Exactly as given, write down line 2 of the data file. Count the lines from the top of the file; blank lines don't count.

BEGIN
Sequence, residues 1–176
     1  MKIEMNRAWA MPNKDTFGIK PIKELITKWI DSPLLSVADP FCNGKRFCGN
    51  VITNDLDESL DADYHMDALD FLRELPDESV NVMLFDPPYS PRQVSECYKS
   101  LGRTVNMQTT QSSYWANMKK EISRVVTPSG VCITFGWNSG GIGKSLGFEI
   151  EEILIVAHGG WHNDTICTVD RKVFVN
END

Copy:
     1  MKIEMNRAWA MPNKDTFGIK PIKELITKWI DSPLLSVADP FCNGKRFCGN